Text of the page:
State health department spokeswoman Lynn Sutfin previously told the Free Press that several local health departments were providing vaccines to homebound individuals or partnering with EMS or home health nurses to reach this population. The state also was working on a comprehensive plan to deliver the vaccines to homebound individuals in partnership with local health departments.
Sutfin said providers, including local health departments, can visit these individuals in their homes to provide vaccinations.
"There are guidelines for transportation of the vaccines," she said. "This is very complex and varies by vaccine."
Sutfin said Michigan licensed emergency medical technicians (EMTs) and paramedics can administer vaccinations.
Oakland County Health Division announced earlier this month that it is partnering with Ready Nursing Solutions, a medical staffing agency, to help it administer shots to homebound seniors and others.
The Detroit Health Department was exploring ways to reach homebound Detroiters at a higher risk for the virus because of age, illness or both. It was looking at potential partnerships that could include the use of mobile clinics, said Denise Fair, the city's public health officer.
Local officials in Wayne and Macomb counties said the one-shot Johnson & Johnson vaccine may help reach homebound seniors in those communities.
In the Upper Peninsula, between 50 and 60 homebound residents have been vaccinated by the LMAS District Health Department, which serves Luce, Mackinac, Alger and Schoolcraft counties, spokeswoman Kerry Ott said.
She said when a supply of 500 Johnson & Johnson vaccines arrived earlier this month, it made the process of inoculating homebound residents easier.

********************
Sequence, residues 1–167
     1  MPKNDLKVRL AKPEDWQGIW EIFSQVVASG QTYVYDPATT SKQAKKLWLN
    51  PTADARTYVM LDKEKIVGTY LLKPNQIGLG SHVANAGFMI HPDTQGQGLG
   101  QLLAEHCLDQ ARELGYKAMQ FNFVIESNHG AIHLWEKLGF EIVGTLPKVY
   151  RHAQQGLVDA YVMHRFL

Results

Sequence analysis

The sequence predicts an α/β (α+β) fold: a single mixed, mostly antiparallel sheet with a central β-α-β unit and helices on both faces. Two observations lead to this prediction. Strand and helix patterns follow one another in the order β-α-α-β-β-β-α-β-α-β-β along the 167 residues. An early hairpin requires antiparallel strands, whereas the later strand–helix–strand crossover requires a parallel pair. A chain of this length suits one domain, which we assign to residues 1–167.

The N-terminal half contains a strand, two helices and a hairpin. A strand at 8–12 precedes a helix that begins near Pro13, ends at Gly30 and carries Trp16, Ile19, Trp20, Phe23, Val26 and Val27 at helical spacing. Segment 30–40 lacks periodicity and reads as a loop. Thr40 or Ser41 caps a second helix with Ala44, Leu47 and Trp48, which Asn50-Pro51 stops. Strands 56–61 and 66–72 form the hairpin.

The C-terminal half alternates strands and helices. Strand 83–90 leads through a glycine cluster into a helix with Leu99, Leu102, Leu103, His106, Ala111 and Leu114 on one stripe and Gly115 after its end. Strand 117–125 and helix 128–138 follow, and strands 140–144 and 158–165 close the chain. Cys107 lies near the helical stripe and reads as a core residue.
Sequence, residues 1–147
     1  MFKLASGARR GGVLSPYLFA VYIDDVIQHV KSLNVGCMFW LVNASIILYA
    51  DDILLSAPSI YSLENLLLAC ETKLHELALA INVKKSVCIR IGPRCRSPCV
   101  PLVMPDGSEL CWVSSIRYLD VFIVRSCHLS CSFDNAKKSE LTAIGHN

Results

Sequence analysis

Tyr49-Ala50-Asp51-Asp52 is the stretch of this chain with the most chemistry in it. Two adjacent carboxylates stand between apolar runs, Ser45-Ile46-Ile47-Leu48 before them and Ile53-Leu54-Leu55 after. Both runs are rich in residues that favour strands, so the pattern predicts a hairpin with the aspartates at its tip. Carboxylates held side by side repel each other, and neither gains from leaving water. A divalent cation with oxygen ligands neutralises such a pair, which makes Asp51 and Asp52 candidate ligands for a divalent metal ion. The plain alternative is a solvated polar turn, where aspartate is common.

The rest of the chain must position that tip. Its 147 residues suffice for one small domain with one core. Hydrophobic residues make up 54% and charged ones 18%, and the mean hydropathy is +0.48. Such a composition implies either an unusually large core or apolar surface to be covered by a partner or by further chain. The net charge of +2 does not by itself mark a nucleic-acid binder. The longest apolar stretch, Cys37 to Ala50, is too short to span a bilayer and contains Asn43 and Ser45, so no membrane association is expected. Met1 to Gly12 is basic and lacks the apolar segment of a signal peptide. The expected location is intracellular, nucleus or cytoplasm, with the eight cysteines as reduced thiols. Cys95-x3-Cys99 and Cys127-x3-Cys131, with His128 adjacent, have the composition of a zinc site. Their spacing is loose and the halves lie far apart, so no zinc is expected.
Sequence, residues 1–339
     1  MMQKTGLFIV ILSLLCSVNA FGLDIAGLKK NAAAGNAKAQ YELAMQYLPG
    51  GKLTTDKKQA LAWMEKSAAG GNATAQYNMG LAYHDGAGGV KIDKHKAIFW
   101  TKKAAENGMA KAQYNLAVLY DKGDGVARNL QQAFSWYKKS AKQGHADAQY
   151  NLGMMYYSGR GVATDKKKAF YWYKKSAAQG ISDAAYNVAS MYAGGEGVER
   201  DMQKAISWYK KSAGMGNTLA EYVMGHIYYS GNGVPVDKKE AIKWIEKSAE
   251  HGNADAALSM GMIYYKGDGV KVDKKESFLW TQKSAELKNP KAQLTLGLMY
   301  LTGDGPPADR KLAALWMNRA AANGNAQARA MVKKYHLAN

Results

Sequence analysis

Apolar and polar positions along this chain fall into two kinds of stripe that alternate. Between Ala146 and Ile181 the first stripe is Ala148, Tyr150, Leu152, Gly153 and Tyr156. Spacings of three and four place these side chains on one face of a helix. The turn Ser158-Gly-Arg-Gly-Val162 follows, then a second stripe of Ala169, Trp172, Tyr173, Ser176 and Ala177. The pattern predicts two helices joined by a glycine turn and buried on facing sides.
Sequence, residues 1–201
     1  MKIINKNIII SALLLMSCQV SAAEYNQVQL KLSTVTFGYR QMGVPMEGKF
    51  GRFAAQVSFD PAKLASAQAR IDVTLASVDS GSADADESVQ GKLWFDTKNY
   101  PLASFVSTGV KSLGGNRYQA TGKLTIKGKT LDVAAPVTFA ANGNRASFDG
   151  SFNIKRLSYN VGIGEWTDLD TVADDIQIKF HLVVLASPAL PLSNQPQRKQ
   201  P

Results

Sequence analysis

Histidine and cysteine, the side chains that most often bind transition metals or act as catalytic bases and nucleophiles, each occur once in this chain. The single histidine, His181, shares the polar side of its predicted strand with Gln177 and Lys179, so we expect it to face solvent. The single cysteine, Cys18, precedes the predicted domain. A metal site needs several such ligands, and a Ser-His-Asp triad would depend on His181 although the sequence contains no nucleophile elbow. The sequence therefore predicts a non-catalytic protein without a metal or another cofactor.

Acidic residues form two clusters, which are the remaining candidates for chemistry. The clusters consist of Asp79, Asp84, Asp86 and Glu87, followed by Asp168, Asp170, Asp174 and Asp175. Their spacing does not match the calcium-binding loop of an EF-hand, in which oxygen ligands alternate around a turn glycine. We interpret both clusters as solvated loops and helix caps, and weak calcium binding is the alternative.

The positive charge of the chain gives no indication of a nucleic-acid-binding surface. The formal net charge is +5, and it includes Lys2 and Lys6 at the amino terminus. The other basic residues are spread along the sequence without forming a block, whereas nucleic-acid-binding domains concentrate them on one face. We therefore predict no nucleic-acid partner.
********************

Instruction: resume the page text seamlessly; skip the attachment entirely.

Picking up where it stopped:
With the one-shot vaccine, nurses have to canvass a 4,007-square-mile service area only once to administer the vaccines. Some nurses went out on Saturdays and Sundays to get shots in arms, she said.
Ott said most of those who were homebound were seniors, but a few were adults with disabilities. A couple of caretaker spouses also were vaccinated, she said.
Ott said on Thursday a nurse drove to Grand Marais on the tip of Alger County on Lake Superior to vaccinate a homebound person with the Johnson & Johnson vaccine. That one vaccine led to calls in which 13 others who hadn't been inoculated yet were able to get a vaccine.
Ott said word spread fast in the small town, and the township supervisor opened the town hall and, in the end, 30 people were vaccinated in that one trip.
"That was just really awesome that they didn't have to travel an hour or more to get that vaccine and it made our nurse's trip more productive," Ott said, adding that the nurse knew Grand Marais and took extra vaccines with her. "And it turned out perfect. ... They were just thrilled to get that."
Downstate, Davis said she couldn't be happier that Bronikowski reached out and made it possible for her to get vaccinated. The retired educator with Detroit public schools said she is set to get her second shot in April.
Davis said the first shot was "nothin' to be upset over. It's just a vaccine like any other. I just feel normal."
"I have people taking care of me. I have my grandchildren," she said. "God's been good to me."
Contact Christina Hall: firstname.lastname@example.org. Follow her on Twitter: @challreporter.